ISSN =	{1868-8969},
  year =	{2018},
  volume =	{113},
  editor =	{Parida, Laxmi and Ukkonen, Esko},
  publisher =	{Schloss Dagstuhl -- Leibniz-Zentrum f{\"u}r Informatik},
  address =	{Dagstuhl, Germany},
  URL =		{https://drops.dagstuhl.de/entities/document/10.4230/LIPIcs.WABI.2018.4},
  URN =		{urn:nbn:de:0030-drops-93060},
  doi =		{10.4230/LIPIcs.WABI.2018.4},
  annote =	{Keywords: FM-indexes, variation graphs, haplotypes}
}
Document
Wheeler Graphs: Variations on a Theme by Burrows and Wheeler

Authors: Giovanni Manzini

Published in: LIPIcs, Volume 78, 28th Annual Symposium on Combinatorial Pattern Matching (CPM 2017)


Abstract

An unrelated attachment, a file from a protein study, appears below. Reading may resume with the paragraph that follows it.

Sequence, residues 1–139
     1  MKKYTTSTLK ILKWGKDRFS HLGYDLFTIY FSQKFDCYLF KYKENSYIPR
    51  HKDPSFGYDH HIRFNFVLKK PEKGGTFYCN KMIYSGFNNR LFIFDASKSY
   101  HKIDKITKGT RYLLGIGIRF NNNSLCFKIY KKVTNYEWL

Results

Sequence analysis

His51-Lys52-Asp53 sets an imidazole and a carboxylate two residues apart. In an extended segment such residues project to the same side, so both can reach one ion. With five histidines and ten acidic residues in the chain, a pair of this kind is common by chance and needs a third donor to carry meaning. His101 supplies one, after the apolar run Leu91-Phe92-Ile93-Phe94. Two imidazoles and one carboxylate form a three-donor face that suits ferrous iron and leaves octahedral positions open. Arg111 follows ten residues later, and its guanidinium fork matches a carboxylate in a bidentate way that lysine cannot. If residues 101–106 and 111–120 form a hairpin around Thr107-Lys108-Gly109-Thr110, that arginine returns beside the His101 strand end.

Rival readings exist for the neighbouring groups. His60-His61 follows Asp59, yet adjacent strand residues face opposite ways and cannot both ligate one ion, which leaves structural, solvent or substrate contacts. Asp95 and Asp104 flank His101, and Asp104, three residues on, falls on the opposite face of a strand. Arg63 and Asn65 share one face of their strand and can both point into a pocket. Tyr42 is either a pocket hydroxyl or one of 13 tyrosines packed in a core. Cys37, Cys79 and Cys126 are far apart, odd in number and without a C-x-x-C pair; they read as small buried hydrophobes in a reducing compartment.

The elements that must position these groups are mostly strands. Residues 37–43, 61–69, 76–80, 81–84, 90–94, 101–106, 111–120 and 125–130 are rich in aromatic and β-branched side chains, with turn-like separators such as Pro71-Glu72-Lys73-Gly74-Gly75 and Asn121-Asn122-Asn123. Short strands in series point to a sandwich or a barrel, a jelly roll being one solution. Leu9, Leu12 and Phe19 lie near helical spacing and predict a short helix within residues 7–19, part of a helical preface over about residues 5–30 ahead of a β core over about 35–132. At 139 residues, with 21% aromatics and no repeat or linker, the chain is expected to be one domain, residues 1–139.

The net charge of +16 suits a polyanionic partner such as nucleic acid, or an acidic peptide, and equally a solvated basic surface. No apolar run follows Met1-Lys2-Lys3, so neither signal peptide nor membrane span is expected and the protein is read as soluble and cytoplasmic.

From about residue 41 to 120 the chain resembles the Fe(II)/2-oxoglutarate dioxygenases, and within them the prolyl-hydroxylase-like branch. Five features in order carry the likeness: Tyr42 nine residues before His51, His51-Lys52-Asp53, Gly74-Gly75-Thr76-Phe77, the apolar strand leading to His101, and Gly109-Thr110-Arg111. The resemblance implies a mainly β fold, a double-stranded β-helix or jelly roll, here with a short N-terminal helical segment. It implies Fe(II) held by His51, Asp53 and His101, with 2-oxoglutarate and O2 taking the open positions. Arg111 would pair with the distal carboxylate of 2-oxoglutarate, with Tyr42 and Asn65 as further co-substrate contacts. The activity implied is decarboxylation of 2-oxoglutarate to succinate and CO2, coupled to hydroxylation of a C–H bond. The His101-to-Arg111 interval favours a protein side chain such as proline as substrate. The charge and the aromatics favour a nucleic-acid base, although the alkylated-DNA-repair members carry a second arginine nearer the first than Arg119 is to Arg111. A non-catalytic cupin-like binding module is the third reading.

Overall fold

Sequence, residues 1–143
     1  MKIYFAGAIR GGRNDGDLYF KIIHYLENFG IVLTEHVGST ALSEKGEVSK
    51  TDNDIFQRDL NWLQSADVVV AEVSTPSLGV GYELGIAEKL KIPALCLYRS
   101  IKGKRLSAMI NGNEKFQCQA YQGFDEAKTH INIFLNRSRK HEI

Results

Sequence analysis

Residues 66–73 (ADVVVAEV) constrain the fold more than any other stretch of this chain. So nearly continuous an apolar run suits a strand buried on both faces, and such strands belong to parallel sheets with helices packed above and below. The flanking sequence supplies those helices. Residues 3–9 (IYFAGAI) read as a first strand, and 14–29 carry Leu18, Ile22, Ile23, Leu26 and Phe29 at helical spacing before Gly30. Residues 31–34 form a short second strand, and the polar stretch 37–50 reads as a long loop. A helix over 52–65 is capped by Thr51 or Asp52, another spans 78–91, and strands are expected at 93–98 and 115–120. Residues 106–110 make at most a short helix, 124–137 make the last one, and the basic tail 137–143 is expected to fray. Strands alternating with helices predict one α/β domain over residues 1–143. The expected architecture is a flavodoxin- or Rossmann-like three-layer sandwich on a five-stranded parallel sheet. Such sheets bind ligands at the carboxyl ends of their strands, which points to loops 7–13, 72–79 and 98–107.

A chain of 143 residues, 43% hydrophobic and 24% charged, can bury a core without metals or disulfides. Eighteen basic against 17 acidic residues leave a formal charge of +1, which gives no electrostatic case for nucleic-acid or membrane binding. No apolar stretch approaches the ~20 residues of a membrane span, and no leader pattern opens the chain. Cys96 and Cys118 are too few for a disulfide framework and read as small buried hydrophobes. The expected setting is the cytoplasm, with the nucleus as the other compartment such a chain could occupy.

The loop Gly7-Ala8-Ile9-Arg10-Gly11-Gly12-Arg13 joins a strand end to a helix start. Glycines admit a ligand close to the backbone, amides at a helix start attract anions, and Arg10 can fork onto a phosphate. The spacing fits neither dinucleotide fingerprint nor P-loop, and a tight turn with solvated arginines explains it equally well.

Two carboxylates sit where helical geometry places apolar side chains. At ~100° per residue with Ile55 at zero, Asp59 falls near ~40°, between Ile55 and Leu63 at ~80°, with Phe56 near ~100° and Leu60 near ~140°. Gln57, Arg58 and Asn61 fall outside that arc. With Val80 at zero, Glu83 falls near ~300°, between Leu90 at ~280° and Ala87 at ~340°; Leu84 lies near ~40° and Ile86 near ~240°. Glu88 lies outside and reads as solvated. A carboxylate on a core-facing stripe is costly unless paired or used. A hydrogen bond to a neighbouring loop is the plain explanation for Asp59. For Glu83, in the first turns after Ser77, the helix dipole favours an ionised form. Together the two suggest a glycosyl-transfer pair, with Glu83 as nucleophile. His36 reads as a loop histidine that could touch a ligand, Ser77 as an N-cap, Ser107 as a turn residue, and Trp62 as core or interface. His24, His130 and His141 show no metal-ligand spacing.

The famous Burrows-Wheeler Transform was originally defined for single strings but variations have been developed for sets of strings, labelled trees, de Bruijn graphs, alignments, etc. In this talk we propose a unifying view that includes many of these variations and that we hope will simplify the search for more. Somewhat surprisingly we get our unifying view by considering the Nondeterministic Finite Automata related to different pattern-matching problems. We show that the state graphs associated with these automata have common properties that we summarize with the concept of a Wheeler graph. Using the notion of a Wheeler graph, we show that it is possible to process strings efficiently even if the automaton is nondeterministic. In addition, we show that Wheeler graphs can be compactly represented and traversed using up to three arrays with additional data structures supporting efficient rank and select operations. It turns out that these arrays coincide with, or are substantially equivalent to, the output of many Burrows-Wheeler Transform variants described in the literature. This is joint work with Travis Gagie and Jouni Sirén.